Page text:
Additional information about the finalists for the Human Rights Medal:
Gurruwun (Yalmay) Yunupingu
Gurruwun (Yalmay) Yunupingu is a Yolgnu woman from the Rirratjingu clan who has worked by the side of her husband, Dr Yunupingu, but has also forged her own path fighting for the rights of Yolgnu children to have a bilingual education and to establish the ‘two-way learning’ philosophy at the Yirrkala Community Education Centre. Gurruwun (Yalmay) Yunupingu was one of the first Indigenous people from her community to fully qualify as a teacher. She is an inspiring educator and leader who speaks 16 languages in addition to English and Rirratjingu. The Federal Parliamentary Aboriginal and Torres Strait Islander Affair Committee’s recent inquiry into Indigenous youth in the criminal justice system emphasised the importance of language as a way to connect Indigenous youth to culture and to strengthen intergenerational relationships. These findings are consistent with Gurruwun (Yalmay) Yunupingu’s approach. She calls herself a “Yesterday’s Leader”, aware that only by knowing and engaging with the past, through living culture and language, can there be a real conversation with the future.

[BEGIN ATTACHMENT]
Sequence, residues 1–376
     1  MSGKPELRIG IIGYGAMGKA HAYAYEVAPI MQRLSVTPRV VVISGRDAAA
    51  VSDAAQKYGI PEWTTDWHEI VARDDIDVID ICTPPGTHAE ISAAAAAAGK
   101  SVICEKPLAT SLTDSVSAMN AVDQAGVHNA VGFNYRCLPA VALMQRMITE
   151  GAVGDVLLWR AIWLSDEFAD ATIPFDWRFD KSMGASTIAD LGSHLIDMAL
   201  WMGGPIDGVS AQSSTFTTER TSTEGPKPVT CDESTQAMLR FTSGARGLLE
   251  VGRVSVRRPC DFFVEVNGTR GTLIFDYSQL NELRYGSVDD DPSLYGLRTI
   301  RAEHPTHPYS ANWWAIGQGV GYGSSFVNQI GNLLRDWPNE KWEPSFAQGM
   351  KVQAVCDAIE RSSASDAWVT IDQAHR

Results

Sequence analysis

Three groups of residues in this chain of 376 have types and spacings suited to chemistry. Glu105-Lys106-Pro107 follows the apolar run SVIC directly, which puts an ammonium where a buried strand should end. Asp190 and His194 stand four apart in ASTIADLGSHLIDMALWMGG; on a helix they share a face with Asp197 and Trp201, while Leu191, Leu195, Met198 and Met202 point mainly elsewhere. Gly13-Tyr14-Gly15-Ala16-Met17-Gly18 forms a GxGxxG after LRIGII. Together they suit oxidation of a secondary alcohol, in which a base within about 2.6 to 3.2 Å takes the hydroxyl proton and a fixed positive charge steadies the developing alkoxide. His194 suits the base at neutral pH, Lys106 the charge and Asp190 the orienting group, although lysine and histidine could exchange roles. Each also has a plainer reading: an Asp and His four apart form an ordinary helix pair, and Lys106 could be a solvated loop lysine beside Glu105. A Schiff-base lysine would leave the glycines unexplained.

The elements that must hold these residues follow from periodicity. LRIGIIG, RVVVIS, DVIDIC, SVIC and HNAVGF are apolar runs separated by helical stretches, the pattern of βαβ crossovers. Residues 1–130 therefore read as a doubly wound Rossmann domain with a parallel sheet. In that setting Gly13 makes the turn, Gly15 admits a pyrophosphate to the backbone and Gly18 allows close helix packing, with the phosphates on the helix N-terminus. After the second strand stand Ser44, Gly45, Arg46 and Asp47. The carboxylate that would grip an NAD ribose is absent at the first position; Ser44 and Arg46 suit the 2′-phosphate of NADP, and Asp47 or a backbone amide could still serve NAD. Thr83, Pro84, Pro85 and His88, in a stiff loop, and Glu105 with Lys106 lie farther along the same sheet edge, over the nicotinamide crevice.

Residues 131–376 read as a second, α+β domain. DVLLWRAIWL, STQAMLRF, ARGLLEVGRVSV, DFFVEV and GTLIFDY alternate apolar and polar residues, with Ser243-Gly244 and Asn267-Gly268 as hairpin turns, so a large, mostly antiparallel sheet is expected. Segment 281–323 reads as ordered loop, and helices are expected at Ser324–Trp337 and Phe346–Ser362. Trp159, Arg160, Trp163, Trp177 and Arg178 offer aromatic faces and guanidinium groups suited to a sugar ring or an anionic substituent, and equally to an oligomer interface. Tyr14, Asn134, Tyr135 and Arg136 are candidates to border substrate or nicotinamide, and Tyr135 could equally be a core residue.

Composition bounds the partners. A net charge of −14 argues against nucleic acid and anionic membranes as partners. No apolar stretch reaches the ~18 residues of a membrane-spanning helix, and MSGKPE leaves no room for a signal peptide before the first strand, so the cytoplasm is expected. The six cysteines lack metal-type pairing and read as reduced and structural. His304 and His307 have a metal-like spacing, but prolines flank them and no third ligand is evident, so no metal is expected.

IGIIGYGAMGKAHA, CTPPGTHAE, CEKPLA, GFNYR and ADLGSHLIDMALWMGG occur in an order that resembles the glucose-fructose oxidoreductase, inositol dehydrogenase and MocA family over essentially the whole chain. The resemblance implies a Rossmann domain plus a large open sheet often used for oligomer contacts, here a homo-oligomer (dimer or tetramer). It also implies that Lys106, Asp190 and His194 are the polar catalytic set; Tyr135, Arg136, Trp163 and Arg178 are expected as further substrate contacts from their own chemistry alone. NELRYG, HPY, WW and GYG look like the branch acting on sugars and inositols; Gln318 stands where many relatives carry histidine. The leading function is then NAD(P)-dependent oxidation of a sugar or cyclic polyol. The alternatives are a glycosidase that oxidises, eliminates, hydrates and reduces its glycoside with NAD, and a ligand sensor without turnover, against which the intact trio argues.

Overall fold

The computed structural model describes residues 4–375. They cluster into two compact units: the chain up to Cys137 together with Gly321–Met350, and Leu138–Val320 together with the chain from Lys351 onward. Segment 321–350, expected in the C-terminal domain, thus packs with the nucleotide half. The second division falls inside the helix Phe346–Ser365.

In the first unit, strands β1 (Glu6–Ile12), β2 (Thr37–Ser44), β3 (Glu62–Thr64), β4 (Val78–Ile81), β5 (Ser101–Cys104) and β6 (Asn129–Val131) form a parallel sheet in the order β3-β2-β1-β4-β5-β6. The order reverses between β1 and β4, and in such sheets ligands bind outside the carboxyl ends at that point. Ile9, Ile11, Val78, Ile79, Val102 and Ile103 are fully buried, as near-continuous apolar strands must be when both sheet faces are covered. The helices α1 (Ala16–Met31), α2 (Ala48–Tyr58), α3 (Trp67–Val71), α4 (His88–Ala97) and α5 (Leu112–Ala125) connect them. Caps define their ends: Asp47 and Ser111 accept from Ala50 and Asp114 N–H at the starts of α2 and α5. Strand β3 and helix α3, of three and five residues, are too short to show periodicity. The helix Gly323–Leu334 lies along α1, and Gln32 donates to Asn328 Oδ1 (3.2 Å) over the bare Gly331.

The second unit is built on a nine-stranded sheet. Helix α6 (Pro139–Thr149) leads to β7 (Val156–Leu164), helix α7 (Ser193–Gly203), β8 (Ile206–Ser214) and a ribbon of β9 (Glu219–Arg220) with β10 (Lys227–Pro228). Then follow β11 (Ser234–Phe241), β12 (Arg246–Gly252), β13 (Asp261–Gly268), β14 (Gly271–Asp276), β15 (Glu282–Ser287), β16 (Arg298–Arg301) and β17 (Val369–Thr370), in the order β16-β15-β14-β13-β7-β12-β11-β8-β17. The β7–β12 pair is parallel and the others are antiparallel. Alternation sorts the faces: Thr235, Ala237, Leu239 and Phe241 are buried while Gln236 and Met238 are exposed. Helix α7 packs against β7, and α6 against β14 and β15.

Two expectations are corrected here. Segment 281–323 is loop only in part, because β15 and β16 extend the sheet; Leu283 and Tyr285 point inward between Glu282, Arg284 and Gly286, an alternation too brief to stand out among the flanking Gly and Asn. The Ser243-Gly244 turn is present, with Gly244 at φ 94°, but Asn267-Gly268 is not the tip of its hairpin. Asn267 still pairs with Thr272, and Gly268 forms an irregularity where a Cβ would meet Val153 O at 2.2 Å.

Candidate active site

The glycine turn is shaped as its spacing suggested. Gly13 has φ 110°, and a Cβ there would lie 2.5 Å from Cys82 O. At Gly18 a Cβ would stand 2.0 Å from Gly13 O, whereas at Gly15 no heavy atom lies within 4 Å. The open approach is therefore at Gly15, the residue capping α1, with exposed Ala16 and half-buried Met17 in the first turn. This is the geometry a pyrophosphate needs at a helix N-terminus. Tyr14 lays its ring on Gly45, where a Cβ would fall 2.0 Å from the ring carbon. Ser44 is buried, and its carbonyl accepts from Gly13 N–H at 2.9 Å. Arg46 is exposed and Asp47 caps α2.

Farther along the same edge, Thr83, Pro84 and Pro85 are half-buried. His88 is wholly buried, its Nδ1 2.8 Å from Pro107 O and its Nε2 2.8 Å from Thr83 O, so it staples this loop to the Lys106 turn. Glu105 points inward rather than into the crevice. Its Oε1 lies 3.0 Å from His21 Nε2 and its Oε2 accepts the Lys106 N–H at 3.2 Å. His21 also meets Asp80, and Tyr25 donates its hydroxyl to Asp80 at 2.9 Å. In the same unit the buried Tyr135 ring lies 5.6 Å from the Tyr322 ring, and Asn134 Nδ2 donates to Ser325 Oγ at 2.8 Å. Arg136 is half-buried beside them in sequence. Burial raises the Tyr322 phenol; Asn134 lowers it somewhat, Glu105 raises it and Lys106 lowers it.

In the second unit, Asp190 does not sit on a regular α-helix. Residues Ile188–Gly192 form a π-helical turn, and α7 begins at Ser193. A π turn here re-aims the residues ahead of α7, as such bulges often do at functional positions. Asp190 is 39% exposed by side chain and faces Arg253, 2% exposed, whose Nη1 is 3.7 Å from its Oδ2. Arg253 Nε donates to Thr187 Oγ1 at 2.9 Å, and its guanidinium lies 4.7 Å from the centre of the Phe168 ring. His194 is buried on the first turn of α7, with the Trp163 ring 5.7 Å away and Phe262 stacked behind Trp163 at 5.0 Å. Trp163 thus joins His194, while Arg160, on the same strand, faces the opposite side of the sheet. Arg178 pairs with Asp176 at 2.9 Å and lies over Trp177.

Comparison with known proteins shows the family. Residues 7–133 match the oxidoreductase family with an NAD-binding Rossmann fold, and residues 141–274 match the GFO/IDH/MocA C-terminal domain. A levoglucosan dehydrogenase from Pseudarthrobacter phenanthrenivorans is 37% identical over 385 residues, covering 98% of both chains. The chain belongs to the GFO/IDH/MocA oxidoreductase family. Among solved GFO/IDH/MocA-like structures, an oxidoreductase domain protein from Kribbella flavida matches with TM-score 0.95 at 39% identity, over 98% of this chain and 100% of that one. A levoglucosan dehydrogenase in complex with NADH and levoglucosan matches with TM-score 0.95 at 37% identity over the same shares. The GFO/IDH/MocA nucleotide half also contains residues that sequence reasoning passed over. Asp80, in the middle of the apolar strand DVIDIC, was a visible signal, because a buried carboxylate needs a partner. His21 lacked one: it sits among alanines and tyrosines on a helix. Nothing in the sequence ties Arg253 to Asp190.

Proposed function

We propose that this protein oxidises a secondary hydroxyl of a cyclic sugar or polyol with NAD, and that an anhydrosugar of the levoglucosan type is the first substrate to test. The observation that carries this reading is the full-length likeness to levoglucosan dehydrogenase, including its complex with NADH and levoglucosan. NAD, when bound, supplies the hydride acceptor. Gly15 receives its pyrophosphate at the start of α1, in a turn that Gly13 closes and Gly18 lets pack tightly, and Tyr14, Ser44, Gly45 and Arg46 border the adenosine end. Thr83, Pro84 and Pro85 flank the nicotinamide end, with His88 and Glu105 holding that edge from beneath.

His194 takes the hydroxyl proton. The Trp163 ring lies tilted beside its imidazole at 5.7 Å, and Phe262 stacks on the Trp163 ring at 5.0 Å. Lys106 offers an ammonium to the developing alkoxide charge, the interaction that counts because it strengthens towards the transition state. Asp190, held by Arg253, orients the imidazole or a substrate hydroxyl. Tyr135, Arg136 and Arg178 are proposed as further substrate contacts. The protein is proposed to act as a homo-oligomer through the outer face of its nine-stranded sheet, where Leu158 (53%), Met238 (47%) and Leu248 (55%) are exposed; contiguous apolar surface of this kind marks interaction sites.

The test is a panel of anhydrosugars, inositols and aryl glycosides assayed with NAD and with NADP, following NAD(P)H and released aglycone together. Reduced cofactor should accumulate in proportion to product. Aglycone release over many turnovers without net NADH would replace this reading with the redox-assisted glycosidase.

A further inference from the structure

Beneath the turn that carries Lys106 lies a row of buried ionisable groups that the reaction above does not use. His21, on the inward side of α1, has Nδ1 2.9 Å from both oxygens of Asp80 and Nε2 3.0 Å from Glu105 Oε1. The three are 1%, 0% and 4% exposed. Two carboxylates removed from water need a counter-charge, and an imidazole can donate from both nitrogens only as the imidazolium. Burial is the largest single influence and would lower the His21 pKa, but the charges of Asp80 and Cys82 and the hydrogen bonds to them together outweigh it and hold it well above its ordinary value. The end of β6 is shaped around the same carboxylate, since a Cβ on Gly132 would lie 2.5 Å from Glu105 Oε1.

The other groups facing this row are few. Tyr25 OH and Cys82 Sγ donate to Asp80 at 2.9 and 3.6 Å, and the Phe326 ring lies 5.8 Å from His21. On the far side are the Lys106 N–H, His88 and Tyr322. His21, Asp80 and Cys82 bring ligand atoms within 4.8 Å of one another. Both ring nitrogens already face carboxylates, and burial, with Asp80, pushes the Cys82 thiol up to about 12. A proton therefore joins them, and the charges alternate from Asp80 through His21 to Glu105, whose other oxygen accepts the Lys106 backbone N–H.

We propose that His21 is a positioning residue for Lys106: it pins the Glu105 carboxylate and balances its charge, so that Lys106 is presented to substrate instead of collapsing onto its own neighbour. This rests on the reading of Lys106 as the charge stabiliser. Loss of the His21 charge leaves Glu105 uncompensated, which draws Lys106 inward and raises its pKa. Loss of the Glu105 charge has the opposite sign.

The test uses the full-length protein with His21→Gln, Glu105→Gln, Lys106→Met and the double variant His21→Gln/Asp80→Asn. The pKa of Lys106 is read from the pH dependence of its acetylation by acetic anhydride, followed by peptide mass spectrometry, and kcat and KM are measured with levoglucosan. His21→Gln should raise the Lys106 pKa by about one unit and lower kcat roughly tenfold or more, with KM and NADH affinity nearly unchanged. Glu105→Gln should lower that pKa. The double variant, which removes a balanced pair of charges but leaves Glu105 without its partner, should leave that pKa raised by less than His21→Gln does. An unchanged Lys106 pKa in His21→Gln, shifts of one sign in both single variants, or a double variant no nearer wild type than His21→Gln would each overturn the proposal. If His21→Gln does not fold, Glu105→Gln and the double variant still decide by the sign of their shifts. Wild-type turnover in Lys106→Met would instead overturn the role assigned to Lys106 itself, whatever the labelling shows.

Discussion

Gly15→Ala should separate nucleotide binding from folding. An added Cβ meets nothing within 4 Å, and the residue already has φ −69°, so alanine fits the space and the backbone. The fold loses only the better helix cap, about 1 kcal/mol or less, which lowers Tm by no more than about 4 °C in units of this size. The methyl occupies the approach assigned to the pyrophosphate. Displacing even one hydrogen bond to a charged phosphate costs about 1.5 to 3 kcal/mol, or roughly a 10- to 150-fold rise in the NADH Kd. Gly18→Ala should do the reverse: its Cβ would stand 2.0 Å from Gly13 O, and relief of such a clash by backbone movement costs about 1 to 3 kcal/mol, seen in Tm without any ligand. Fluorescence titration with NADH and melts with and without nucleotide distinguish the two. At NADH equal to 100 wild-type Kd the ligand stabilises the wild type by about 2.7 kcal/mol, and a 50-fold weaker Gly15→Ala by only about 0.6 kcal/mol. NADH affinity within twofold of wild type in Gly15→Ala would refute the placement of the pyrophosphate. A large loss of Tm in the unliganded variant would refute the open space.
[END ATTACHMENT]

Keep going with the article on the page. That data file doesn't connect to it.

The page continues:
Graham Long, Pastor, The Wayside Chapel
Graham Long has been pastor of The Wayside Chapel since 2004 and has implemented a number of programs that reach out to Indigenous Australians, young people, and people experiencing mental illness. “At the Wayside, we tell people they are not ‘problems’ to be solved but rather ‘people’ to be met. We know we have had a good day is someone walks out our front door feeling ‘met’ rather than ‘worked on’,” says Pastor Long. The Wayside’s Aboriginal Project provides culturally sensitive support for Aboriginal and Torres Strait Islander Peoples and creates opportunities for leadership and mentoring. The Wayside’s Day to Day Living Program teaches social skills to people experiencing long-term and persistent mental health issues. The Wayside Youth Project supports young people at risk, offering a drop-in service and opportunities to learn living skills. The fourth program Pastor Long has implemented at Wayside is the Community Development Project, which creates opportunities for all members of the community to come together for activities that help reduce social isolation and promote togetherness.